If you want to buy a car using a loan, you have a few different options regarding where and how you get the total amount of financing that's needed. One approach is to do plenty of research to find banks that offer auto loans, get pre-approvals and sort through the pros and cons of each financing offer. The other approach is seeking car dealer financing where you handle the car loan application when you're on the vehicle lot.
With financing through the car dealer, you may get the loan directly from the dealership or indirectly through an affiliated financial institution. Since dealer financing comes with important pros and cons to consider, learn more about how this financing option works, when you'd want to pursue it and what the application process involves.
The Basics of Car Financing
Similar to how a credit union or bank would provide you with a mortgage to buy a home, the same financial institutions, and the dealerships themselves, offer car loans that break up the price of your car into more manageable monthly payments over a span of years. Car loans usually require a down payment like many types of mortgages do. They're considered secured loans because your car is used as the collateral during the loan term. Just as you might face foreclosure if you don't pay your mortgage, lenders can take your car for nonpayment as well.
When you take out a car loan, your monthly payments include interest charges alongside the loan principal and any extras like add-ons and credit insurance. Current market rates, your creditworthiness and any markup will all impact the interest rate and thus the overall cost of your vehicle loan. In some cases, you might get a special financing deal that waives interest either permanently or for a small time window.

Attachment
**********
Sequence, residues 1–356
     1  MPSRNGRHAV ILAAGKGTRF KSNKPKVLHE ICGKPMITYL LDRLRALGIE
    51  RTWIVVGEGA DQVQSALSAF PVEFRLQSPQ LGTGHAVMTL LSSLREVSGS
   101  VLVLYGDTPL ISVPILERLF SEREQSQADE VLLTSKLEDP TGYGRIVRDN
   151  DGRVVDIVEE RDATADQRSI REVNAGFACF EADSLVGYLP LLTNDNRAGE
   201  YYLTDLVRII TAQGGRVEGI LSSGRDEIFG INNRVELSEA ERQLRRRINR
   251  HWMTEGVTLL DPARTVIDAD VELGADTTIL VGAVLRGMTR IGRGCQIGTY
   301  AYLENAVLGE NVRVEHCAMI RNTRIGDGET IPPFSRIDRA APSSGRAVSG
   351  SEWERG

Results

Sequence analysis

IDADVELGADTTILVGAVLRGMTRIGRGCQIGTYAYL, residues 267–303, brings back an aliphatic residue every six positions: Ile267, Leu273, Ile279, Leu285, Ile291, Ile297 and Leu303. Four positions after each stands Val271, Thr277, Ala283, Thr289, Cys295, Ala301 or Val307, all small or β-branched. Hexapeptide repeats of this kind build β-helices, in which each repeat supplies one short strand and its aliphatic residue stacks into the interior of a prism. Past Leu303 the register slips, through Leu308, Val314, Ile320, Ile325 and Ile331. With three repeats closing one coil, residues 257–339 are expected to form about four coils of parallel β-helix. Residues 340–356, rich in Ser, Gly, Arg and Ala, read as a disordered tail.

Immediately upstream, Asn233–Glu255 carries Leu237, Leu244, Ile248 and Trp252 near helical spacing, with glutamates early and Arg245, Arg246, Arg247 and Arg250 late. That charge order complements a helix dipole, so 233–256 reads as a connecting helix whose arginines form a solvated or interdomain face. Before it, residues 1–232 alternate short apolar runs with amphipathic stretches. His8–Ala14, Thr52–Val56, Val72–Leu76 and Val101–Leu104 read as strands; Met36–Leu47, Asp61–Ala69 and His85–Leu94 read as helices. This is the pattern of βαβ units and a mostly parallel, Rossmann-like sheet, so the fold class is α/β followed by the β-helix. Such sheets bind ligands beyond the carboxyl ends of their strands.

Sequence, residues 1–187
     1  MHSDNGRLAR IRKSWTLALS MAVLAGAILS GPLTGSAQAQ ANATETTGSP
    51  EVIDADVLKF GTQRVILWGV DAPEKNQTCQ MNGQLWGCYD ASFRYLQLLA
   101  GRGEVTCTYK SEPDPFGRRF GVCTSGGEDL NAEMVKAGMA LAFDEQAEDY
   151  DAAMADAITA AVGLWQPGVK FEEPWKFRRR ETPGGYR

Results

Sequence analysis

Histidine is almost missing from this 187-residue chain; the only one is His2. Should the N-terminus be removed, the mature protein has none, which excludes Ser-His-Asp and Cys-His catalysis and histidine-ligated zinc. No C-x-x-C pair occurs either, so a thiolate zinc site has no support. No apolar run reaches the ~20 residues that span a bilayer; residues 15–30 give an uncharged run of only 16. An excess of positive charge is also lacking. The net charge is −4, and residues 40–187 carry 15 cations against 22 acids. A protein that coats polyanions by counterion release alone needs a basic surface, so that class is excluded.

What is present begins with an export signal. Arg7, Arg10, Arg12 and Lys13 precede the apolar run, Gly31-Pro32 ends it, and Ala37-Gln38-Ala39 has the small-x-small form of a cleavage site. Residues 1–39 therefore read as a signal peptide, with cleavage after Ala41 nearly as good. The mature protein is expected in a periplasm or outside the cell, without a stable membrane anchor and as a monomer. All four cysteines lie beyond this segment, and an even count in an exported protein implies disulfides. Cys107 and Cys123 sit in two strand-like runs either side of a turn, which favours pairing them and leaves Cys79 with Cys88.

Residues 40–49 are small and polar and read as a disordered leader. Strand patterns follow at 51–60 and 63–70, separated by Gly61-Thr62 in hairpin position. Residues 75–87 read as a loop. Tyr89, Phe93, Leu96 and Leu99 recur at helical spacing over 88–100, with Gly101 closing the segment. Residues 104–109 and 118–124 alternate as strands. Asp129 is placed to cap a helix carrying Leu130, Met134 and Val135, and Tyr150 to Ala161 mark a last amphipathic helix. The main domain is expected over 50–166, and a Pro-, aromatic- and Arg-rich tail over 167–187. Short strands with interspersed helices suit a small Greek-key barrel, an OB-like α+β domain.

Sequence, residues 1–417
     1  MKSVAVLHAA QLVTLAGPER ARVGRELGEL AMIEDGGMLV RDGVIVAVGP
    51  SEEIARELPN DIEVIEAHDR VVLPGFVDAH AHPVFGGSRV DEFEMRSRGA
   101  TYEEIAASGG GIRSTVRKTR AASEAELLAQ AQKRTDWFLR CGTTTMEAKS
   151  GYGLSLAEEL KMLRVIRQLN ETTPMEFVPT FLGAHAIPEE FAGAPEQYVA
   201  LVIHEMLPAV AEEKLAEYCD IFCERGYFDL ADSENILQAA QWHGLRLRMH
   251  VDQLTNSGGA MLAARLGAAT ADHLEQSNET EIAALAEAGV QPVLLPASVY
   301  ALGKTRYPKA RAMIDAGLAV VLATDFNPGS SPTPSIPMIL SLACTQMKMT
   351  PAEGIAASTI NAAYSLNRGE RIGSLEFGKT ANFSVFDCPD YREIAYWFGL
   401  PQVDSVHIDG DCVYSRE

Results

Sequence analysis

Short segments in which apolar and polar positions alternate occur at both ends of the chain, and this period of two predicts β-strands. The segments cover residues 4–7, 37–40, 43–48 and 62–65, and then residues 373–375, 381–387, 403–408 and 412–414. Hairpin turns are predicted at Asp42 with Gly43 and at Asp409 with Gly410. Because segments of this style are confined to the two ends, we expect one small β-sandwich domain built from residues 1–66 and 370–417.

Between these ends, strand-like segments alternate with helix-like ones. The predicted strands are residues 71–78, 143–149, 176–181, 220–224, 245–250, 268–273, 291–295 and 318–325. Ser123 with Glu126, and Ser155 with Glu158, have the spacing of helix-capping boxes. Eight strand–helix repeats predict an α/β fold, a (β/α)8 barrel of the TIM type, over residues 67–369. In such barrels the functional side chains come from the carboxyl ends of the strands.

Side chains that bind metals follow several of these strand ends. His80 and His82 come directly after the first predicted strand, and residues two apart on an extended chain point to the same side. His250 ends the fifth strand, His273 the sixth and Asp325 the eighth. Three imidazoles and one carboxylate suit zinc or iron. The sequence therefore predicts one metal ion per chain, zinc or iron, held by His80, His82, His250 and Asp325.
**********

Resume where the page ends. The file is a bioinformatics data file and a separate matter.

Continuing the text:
Since car loans are secured, the lender's name appears on your car title as you're making payments, and depending on where you live, the lender may actually have the title until payoff occurs. The title is changed to show your name after you've completed your last car payment, and you also have outright ownership of the car at that point.
Understanding Dealer Financing
When you choose to get car financing through the dealer, you can avoid working directly with a loan and credit union and instead have the car dealer serve as the intermediary or even as the direct lender in the process. While you'd probably shop around for car loans through different sources before even heading to a car lot when you're going the direct financing route, using dealer financing means you don't start your application until you're at the dealership and have already chosen a specific car to buy.
In many cases of dealer-arranged financing, you request an auto loan, and the dealership starts working with financial institutions to find loan options for you and then presents you with the terms. This can involve multiple credit pulls for each potential lender.
Once the results come back, you can have multiple loan offers with different interest rates to choose from, but these interest rates may be higher than what the financial institution really offered, since dealerships usually have the ability to mark up the rate with this type of indirect financing. Once you've agreed to the terms, you finalize the application, and you can expect to make your monthly car payments to the associated bank rather than the dealer.
Especially common at used car lots that may cater to people with poor or no credit, on-the-spot financing is another type of dealer financing where the dealership acts as the lender rather than just an intermediary between you and another financial institution. This option also differs from dealer-arranged financing in that the dealership usually determines an approved loan amount before you start shopping for a car, and interest rates tend to be much higher. You can then select a qualifying vehicle, and once you've completed the purchase, you send your monthly car payments to the dealership rather than to a financial institution.
Read More: How to Get a Car Loan
Benefits of Dealer Financing